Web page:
Enter basic queries as a series of single words or phrases, separated by commas. The search will return documents which contain any of those words or any of those phrases. It will score each document according to how many matching words and phrases it contains. For example, if you enter the query...

film, movie, location, sound stage

...documents containing the phrase "sound stage" or the word "location" or the word "film" or the word "movie" will be found. Those dealing with shooting theatrical movies, either on a sound stage or on locaton, will have a high score. Those dealing with other aspects of the film industry will have lower scores. Those dealing with thin layers of oil on roadways are likely to be scored even lower.
Case does not matter--the query above will find documents containing "film", "Film" and "FILM". It will also find words which are stemmed variations: "films" and "filmed" for example.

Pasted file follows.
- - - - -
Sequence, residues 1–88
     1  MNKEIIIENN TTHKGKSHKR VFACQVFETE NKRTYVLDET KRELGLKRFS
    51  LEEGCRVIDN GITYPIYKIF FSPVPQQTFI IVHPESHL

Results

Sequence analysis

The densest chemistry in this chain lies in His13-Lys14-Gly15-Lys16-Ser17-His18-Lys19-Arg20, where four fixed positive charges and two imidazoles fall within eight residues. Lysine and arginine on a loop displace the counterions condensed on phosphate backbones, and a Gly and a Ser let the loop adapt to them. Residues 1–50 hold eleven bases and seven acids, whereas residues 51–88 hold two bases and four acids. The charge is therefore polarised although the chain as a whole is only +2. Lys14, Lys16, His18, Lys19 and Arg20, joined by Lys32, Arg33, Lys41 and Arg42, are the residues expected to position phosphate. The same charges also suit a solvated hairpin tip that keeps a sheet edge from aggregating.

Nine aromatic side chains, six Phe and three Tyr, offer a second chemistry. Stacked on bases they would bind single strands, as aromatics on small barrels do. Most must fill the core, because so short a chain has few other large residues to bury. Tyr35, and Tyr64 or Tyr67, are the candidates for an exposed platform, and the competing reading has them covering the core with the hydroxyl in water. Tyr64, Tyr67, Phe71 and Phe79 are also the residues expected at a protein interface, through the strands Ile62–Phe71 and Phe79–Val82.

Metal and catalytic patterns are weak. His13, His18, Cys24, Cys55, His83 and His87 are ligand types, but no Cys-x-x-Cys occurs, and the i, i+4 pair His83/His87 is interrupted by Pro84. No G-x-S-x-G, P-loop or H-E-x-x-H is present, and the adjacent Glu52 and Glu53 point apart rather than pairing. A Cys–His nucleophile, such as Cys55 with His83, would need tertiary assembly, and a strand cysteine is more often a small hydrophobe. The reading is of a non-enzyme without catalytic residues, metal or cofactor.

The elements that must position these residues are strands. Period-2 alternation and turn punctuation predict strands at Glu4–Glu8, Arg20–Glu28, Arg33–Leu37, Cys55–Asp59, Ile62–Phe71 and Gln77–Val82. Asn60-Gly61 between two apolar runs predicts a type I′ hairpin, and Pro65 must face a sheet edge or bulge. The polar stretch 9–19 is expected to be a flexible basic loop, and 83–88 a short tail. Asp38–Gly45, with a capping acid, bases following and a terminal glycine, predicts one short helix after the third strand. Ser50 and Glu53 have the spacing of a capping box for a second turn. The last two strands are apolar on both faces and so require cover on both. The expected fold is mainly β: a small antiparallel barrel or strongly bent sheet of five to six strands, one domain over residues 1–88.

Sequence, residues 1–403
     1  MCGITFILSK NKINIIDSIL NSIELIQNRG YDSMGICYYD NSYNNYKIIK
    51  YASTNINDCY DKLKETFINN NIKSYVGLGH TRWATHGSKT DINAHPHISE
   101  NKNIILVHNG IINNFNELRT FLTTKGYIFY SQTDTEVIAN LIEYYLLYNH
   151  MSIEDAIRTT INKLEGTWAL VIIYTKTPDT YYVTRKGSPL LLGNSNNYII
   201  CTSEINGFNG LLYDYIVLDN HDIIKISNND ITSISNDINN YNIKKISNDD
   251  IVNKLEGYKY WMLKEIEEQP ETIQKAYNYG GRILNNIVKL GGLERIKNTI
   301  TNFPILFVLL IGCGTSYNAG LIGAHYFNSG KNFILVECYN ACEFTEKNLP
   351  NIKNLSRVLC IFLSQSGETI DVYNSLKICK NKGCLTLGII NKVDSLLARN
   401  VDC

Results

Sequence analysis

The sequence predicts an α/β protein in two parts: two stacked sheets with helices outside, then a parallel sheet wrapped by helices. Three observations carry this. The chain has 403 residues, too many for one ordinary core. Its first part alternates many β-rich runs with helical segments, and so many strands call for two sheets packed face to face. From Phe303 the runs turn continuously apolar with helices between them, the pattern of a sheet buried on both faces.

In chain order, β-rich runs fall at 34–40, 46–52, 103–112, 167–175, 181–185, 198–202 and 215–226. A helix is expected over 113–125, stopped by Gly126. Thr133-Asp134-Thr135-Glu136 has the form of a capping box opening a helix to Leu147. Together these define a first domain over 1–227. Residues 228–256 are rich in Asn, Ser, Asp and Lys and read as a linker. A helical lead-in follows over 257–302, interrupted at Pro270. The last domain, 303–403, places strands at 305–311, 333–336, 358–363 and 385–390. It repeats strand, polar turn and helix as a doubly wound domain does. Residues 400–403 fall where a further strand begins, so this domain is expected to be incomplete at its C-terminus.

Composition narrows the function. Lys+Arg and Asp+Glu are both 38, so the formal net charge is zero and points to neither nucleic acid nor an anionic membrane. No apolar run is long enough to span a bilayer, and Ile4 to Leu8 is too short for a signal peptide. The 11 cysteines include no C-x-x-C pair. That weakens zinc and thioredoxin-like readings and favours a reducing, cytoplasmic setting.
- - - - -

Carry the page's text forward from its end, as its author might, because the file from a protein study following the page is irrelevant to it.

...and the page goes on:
This is all that you need to know, unless you wish to assemble sophisticated queries. If you do, read on.


Operators can be used to make queries more specific. For example...

film AND movie AND location AND sound stage

...will exclude documents about other aspects of the film industry (and about oil on roadways). But it will have unintended effects as it will also exclude documents about movies filmed entirely on location or entirely on a sound stage. A better query would be...

(movie, film) AND (location, sound stage)

...requiring the word "movie" or the word "film" to be in the same document as the word "location" or the phrase "sound stage".

Operators are case-insensitive: "AND" and "and" are equivalent.

Operators are enclosed by "pointy brackets". Thus, the AND operator is strictly rendered as <AND>. However, three and only three operators are exempt from the "pointy bracket" rule: AND, OR and NOT. These may be bracketed--it is purely optional.